Simplification - the middle game stage

Simplification - the middle game stage

Postby UEV » Mon May 05, 2008 2:11 am

In the game of Chess, pieces have specific quality in mobility and function on certain squares to entrap the King. Hence, quality of piece rank is significant to make or loose a game. In GOTG, all pieces can only move one square per turn regardless of rank. Since the flag position is variable and uncertain, quantity becomes more significant than quality of pieces starting from the middle towards end game stage. The initial clash on the front row attack phalanx supported by the second row defense phalanx must have brought you an advantage in quantity and a higher ratio of piece for piece.Your inventory of arsenal must have remained more untested pieces than your opponent's. If the opponent has spies left, you must have a few privates left. If your opponent has more generals, you must have at least one spy plus several middle ranks. If both of you has no spies left, you must have more pieces in total than his.

The essence of middle game stage is all about simplification.Simply challenge each untested piece on a per piece basis even if your opponent's strong pieces are guarding it. The more your opponent bluffs, the easier it will be for you to attack his bluffing piece. Manuever your attacking pieces such that when he counters by eliminating your attacking piece, you can still eliminate another piece with your next move. The rule of thumb is to eliminate and simplify all untested pieces in such that what is left of him will be a few tested pieces and the flag. Initiate separate attempts to cross your untested pieces on opposite sides to see if he will spread his cover and weaken guard. If he ignores you, move your flag across. If he spreads out to block, surround his untested pieces with yours altogether and choose which piece or pieces to sacrifice to entrap his flag piece.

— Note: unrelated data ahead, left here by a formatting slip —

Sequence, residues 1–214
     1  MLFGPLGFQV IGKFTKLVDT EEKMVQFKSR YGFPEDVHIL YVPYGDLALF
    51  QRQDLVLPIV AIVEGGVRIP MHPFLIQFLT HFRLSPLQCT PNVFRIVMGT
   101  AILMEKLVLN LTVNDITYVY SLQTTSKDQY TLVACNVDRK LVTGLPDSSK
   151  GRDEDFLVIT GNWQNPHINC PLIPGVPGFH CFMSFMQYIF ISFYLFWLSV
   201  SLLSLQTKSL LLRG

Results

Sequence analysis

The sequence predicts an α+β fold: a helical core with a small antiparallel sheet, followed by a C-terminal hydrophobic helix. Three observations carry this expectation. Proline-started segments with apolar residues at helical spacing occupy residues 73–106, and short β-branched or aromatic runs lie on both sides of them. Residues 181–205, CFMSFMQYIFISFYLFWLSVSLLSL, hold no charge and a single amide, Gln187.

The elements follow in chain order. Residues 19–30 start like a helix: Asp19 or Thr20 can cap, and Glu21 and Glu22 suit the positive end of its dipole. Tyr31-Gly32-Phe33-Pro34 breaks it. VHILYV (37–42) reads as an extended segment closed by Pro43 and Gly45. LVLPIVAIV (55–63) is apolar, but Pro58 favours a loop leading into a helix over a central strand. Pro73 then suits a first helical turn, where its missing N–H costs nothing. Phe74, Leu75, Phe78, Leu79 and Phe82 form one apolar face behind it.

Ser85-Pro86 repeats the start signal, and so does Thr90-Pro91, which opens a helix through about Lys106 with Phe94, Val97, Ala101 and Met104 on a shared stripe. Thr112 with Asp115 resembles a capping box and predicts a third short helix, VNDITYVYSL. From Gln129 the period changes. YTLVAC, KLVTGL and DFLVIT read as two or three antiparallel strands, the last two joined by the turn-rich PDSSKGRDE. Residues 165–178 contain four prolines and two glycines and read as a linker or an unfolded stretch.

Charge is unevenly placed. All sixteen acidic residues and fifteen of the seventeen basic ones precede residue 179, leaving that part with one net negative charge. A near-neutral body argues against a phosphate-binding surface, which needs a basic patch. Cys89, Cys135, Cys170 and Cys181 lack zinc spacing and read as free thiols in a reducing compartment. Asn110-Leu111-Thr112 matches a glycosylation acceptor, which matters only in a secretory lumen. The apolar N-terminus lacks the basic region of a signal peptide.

Note: Be wary of over bluffing during the middle game stage as some bluff calls can put you at more risk than advantage. If your piece has already been tested, bluffing is useless and a waste of move unless your opponent is stupid. However with your untested pieces, feint weakness until the last moment. One purpose is to keep your untested pieces ratio greater than your opponent's. So long as your pieces are untested, you would want it to feint weakness to put him at a dilemma of where your flag position is. Feinting weakness also lures his guard down and gives him an illusion of winning. You may feint weakness and manuever yourself to a diagonal advantage and control. When the time is ripe and everything is in position, STOP FEINTING and SEIZE the enemy by surprise.
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Joined: Sat Apr 12, 2008 8:50 pm

Re: Simplification - the middle game stage

Postby ChaosXlayer » Tue Apr 07, 2015 11:53 pm

How do u feint weakness? sorry for noob question :geek: :geek: :mrgreen:
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Joined: Thu Apr 02, 2015 2:32 pm

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